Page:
In the 1980s . . . there was a New Testament professor at one of the largest seminaries in America who had abandoned the doctrine and was teaching his students that no one could believe in the inerrancy of sacred Scripture because there is a clear mistake in Mark 4:30-32. He would tell his students, “Jesus said that the mustard seed was the smallest of all seeds, but botanists have discovered seeds that are more minute than the mustard seed.” This man had rejected the inerrancy of Scripture based on that issue.
For the Reformers, sola scriptura did not mean that the church and its official summaries of Scripture (creeds, confessions, catechisms, and decisions in wider assemblies) had no authority. Rather, it meant that their ministerial authority was dependent entirely on the magisterial authority of Scripture. Scripture is the master; the church is the minister.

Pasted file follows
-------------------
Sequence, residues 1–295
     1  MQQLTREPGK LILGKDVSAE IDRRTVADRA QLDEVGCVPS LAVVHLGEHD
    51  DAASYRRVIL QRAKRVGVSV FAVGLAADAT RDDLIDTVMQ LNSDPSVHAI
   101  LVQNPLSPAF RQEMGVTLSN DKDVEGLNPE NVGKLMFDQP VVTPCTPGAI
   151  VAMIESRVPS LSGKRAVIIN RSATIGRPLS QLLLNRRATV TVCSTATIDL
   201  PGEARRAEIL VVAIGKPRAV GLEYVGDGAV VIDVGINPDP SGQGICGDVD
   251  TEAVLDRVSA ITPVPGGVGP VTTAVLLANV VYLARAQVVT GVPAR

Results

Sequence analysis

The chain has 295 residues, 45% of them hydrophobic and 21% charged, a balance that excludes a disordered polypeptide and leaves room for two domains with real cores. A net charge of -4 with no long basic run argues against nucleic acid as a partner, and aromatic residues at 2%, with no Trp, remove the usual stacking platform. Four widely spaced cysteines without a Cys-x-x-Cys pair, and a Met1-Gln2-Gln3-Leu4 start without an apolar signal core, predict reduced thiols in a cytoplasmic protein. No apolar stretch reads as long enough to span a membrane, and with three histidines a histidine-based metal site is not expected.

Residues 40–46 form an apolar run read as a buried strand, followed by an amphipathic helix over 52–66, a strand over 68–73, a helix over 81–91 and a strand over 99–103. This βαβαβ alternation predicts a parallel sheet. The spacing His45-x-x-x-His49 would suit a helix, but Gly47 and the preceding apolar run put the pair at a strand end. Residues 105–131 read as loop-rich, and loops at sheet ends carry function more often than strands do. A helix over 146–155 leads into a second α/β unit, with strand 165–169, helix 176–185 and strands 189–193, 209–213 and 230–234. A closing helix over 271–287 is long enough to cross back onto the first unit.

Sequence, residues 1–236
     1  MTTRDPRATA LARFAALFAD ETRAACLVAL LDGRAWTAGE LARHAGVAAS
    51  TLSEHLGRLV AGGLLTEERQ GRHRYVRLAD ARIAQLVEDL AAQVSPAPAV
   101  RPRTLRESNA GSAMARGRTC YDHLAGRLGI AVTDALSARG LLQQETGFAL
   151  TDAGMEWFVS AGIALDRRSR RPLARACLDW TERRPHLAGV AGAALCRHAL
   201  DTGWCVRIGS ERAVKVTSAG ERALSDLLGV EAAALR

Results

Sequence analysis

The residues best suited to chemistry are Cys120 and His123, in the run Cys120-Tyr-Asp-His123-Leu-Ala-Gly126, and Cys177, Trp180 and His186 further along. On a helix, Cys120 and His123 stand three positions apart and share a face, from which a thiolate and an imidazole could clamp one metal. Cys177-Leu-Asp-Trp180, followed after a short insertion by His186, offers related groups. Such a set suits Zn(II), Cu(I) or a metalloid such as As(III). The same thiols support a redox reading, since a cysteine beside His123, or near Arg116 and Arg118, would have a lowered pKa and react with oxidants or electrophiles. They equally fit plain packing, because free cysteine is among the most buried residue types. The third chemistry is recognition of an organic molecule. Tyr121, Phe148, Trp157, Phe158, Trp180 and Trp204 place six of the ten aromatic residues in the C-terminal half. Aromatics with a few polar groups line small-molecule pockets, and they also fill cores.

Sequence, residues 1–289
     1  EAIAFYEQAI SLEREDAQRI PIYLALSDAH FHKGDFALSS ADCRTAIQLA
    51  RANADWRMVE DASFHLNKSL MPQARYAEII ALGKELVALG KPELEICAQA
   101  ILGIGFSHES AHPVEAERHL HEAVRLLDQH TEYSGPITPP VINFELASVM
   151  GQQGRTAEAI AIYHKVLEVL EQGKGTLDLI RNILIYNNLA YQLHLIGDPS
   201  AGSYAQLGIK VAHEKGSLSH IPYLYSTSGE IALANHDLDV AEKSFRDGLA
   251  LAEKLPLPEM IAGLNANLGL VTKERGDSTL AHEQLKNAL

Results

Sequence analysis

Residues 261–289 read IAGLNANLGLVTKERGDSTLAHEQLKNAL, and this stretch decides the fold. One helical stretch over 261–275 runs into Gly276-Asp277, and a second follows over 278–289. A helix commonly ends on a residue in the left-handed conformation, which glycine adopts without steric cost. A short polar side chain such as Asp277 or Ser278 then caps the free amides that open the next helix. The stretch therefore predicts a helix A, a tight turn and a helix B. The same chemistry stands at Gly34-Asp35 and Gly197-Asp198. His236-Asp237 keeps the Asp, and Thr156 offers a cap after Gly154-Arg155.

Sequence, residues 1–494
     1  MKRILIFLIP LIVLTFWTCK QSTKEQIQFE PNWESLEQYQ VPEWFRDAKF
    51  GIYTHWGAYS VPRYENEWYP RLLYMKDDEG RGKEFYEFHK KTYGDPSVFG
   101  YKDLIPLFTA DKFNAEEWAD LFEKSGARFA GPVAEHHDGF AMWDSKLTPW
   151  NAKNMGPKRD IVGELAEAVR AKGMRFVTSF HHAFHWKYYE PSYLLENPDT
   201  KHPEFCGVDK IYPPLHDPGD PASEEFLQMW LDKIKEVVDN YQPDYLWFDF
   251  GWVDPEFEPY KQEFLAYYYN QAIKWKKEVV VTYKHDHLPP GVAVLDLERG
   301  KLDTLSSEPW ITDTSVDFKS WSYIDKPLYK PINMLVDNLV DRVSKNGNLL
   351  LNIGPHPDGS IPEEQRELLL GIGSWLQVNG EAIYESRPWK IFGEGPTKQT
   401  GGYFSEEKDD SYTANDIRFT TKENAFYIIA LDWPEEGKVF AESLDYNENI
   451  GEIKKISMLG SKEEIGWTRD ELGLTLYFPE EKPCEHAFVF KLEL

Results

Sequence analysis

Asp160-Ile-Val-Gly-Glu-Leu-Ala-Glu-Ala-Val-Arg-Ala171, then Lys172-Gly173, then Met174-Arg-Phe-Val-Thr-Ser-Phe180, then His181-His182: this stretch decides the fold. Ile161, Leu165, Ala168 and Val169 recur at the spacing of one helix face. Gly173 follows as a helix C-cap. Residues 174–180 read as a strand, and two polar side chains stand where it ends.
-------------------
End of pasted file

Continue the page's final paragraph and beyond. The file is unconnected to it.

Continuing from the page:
via Dane Ortlund:
No man, no matter who he may be, can ponder the magnificence sufficiently or express it adequately in words. We poor mortals, who are condemned and miserable sinners through our first birth from Adam, are singled out for such great honor and nobility that the eternal and almighty God is our Father and we are His children. Christ is our Brother, and we are His fellow heirs (Rom 8:17).
This week’s selections includes The Masculine Mandate: God’s Calling to Men by Richard Phillips (hardcover), and Dr. Sproul’s What Did Jesus Do?: Understanding the Work of Christ & The Consequences of Ideas teaching series (download), among many other items. Sale ends at midnight (Eastern Time).